We have had roughly the same two parties in the U.S. competing and, over the long haul, checking one another, for more than 160 years.
For the second half of that span, each has believed at various times there is a natural majority or even a “super majority” for its governing philosophy. It is a short walk from there to the suspicion and then belief that anything which interferes with the party’s electoral or legislative victories is a contrivance, from the filibuster to paper ballots and including parts of the Constitution.
Notably, neither party has ever claimed that its wins – and each has had its share – were artificial.
This has a corollary: Each party in power tends to confuse a win with a mandate and unanimity, which leads to overreach. The beauty of this system from 10,000 feet is that we correct at the next election, or we over-correct. It is a perpetual motion machine.
Nowadays, however, when stakes feel heightened – when many Democrats believe the Republican president is leading the country into fascism and white nationalism, and Republicans believe Democrats are contriving to confiscate cows, automobiles and wealth – we sometimes cease to believe we can wait until the next election.
Colorado in this respect has been spooked by 2013, when two Democratic members of the state Senate were recalled, including the Senate president, after they supported gun-control measures. (Durango Rep. Mike McLachlan, another Democrat, also was targeted.) Republicans were elected in their stead, and then, in the 2014 election, they were defeated by Democrats. It was a circular exercise.
Last year, an effort to recall La Plata County Commissioner Gwen Lachelt, one of two Democrats on the three-seat board, fell just short of the number of petition signatures needed. Then, in November, voters put a third Democrat on the commission.
Rochelle Galindo, a Democrat from Greeley, was elected to the state House from District 50 in the blue wave of last November, beating Republican Michael Thuener 53% to 47% in a race that set a record for district midterm turnout. Galindo, 28, is a former Greeley city councilor who had worked on President Barack Obama’s re-election campaign. She is what she appears to be, which is key. Predictably, she has voted with the Democratic majority in the House to further regulate oil and gas, which has spurred a recall effort in her district.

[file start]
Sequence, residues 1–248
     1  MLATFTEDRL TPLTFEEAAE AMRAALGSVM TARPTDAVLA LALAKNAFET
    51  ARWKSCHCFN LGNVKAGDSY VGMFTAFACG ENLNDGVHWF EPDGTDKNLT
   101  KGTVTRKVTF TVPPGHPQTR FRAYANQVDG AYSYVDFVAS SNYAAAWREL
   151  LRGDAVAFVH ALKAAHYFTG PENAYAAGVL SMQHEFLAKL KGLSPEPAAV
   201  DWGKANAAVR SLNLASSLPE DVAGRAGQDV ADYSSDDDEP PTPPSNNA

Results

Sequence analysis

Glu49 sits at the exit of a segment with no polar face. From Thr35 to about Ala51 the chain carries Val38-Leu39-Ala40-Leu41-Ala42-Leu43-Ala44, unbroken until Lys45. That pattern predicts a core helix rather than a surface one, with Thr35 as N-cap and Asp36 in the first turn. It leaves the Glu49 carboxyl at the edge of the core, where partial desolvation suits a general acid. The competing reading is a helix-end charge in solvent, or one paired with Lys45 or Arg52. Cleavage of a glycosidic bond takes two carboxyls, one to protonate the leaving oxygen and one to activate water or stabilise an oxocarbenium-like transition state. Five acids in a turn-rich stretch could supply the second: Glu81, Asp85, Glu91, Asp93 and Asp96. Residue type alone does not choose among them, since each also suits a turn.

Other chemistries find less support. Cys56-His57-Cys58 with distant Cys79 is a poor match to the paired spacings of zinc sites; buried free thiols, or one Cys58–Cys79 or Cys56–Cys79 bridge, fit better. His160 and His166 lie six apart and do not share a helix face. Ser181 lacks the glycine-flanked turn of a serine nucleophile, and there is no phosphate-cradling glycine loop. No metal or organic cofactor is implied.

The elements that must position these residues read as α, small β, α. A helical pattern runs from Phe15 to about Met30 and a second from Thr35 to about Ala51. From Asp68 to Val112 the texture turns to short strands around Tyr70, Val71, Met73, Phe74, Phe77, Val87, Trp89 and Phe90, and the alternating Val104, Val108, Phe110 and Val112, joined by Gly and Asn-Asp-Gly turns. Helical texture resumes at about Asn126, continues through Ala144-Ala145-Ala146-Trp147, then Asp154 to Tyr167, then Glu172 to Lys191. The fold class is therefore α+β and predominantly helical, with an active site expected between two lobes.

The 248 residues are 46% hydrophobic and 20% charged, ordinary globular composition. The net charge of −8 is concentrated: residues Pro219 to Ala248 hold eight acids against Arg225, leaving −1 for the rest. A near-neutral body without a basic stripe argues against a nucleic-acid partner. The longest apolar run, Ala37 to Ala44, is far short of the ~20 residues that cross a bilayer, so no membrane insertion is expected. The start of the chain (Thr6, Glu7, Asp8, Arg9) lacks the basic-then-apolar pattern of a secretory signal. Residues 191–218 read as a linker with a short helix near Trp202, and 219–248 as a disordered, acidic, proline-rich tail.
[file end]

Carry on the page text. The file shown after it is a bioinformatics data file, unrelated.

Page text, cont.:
One of that recall’s backers, Mary Achziger, told the Greeley Tribune she did not believe in recalls – until now: “I thought your next election is your recall. However, when you have someone who is poised to do irreparable damage, then that’s the reason for the recall. If it’s just because you don’t agree with them, if it’s just because they did something you don’t like, that’s a little different. But when they’re getting ready to do irreparable damage, they need to go.”
It’s not just Galindo. As Denver correspondent Ryan Maye Handy reported for The Durango Herald this week, “rural and conservative areas of Colorado have cried for the recall elections” of Gov. Jared Polis and Democratic lawmakers after party-line passage of the “red flag” Extreme Risk Protection Orders gun bill.
We think that bill encroaches on due process, but we do not think its passage, or the passage of the oil and gas bill, does irreparable damage. Opponents can fight the gun bill in the courts and let it guide their votes the next time they are regularly scheduled to vote.
There may come a time when we think extraordinary measures like a recall are warranted, which is all the more reason to keep our powder dry now. In Colorado, what we have seen is Republicans wanting to remove Democrats, but the principle works both ways, as it should. Efforts by some Democrats in the U.S. House to still make a case for impeaching President Donald Trump seem more impractical and less warranted the closer we get to November 2020.